As one of Australia’s most influential voices on climate, Lesley Hughes has thought deeply about how to talk about the crisis and says hope has a key role to play.
Joy can strengthen our resolve, help us uncover creative solutions, and bolster our resilience. It’s a statement to ourselves and the world that we are still here, undefeated. In this issue, we look at why joy is so crucial in this moment, how to make space for it, and the surprising ways people are channeling it to do better climate and justice work.
A conversations with Katherine Hayhoe about reframing climate conversations positively to inspire action and about how people's views on climate change are more nuanced than just believers or deniers. Most people don't outright reject climate science and risks, but have questions.
Comedians and comedy programs have started to find ways to speak to the climate crisis in their work but how can something so heavy create laughter? Comedy – even if it’s about heavy topics like climate change – can motivate feelings of hope and optimism and combat doomism.
In this article, Rebecca Solnit, argues the need for more and better stories about everything that's happening on the climate solutions front, stories that balance the bad and good news, that give context, that exposes who's responsible for the climate crisis and focus on systems change and collective action.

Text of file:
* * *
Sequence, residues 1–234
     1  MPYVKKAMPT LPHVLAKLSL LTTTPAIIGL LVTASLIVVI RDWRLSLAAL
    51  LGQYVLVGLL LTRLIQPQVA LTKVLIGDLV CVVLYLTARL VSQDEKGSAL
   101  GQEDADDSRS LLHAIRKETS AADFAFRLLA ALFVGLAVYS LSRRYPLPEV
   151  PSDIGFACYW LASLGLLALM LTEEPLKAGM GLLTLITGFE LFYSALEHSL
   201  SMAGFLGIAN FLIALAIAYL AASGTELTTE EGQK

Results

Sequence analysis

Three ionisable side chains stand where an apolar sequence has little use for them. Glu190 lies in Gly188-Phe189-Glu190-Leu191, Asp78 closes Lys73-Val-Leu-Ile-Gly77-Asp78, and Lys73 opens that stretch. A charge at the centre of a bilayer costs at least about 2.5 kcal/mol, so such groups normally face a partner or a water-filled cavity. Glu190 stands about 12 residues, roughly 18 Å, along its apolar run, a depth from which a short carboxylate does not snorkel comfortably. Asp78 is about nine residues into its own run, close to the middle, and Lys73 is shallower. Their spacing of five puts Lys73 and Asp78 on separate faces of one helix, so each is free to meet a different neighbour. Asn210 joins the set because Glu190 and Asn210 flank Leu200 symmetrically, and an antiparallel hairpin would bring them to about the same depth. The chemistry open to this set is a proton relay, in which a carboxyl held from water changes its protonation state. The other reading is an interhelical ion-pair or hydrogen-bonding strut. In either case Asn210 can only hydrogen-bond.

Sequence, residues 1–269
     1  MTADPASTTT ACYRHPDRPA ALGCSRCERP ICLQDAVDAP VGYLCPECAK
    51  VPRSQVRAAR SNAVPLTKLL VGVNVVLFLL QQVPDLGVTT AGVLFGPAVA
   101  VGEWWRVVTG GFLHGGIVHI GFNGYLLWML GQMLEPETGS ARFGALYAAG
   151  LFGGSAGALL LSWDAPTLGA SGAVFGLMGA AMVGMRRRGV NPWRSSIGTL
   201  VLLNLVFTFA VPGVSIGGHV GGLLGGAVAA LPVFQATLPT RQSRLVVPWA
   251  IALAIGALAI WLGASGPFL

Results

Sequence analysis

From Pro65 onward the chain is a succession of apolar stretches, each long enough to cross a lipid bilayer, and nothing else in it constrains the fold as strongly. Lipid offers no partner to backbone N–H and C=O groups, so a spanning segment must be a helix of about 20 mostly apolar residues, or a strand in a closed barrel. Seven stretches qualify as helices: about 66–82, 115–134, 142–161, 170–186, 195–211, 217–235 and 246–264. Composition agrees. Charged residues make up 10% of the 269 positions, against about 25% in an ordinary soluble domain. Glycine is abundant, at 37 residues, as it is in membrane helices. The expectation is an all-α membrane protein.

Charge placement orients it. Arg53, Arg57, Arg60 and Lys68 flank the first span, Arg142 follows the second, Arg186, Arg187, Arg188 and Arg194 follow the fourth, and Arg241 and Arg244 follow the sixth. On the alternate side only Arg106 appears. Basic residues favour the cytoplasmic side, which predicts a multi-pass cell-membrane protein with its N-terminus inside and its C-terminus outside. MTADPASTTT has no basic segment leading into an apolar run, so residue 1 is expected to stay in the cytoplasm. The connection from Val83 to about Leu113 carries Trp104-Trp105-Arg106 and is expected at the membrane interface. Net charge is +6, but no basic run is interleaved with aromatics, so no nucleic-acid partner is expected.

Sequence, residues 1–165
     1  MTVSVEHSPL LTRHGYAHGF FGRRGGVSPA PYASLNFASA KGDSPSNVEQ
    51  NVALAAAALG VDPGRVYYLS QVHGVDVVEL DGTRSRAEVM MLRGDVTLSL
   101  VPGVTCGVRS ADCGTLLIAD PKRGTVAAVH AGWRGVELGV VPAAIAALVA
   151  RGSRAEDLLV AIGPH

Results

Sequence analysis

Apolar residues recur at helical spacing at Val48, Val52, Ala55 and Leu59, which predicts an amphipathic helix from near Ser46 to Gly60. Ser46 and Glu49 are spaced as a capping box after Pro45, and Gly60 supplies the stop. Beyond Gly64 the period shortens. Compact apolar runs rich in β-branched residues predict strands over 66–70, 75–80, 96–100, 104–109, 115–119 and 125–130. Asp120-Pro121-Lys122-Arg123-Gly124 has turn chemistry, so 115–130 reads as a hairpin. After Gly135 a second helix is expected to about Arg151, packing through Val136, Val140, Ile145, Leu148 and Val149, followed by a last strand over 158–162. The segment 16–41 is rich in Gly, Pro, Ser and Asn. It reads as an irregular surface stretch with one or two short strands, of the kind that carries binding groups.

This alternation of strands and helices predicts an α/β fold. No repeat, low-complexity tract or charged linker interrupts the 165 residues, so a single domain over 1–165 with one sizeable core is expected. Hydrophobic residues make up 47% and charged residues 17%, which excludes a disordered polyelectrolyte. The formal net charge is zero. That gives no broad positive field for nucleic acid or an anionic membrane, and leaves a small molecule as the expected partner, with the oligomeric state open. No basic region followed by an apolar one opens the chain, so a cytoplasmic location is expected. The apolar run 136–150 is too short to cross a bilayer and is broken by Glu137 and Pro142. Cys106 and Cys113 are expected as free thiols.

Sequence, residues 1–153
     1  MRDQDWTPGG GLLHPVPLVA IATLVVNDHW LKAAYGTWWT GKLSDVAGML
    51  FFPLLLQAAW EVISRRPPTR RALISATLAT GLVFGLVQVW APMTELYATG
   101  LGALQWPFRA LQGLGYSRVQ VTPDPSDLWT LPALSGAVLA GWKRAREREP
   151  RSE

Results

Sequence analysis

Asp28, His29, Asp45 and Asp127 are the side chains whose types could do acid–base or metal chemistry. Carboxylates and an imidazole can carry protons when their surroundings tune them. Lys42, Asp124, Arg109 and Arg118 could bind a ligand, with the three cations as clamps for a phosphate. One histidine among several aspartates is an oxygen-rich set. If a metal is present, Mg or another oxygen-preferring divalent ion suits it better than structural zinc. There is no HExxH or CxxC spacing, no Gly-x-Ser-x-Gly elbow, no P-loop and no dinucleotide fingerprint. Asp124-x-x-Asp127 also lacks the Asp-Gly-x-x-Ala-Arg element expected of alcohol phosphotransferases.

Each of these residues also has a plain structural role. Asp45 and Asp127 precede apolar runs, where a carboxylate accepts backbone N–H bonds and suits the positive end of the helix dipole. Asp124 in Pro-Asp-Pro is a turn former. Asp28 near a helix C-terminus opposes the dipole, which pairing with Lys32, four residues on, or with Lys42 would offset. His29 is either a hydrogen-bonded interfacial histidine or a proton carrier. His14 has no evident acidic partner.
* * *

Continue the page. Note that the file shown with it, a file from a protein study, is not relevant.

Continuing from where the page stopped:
In this article former physicist, Lauren James, describes her journey to writing her climate change focused novel, Green Rising, and her quest to tackle such a huge, complex topic in a way which felt uplifting, that was character and story focussed. Eventually, she realised that she needed to focus on writing about characters who are actively working to slow climate change, rather than writing a story showing the terrors to come.
In March 2023 the UN released one of its scientific reports offering humanity a 'final warning' to avoid climate catastrophe - but it barely got any coverage. Podcast host Tom Heap explores the question: what is it about bleak climate assessments that can cause people to switch off? He talks to psychologist Dr Sander van der Linden why our brains struggle to process news that scares people and speaks to comedian Tom Walker, AKA Jonathan Pie, about using humour to get the point across.
"There’s something unimaginative about climate change doom, and something unenjoyable about reading a story by an author who’s resigned humanity to this fate. Instead climate change can be a problem waiting to be solved or a mystery waiting to be uncovered. The author of this article proposes a range of climate fiction subgenres that stay categorically far away from doomerism."
It is no good any more to put on a happy face and pretend that a brighter-than-bright future awaits us if we get the wicked problem of climate right. But it's similarly useless, dangerously defeatist, to wallow around in dystopias. What are desperately needed, but as yet barely exist, are thrutopias: Experience the present as paradisiacal, and change it where it isn't, and then we might just get through.
A collection of 24 stories are written by a variety of authors, with the aim to inspire readers with positive visions of what a sustainable society might look like and how we might get there. The stories are diverse in style, ranging from whodunnits to sci-fi, romance to family drama, comedy to tragedy, and cover a range of solution types from high-tech to nature-based solutions, to more systemic aspects relating to our culture and political economy.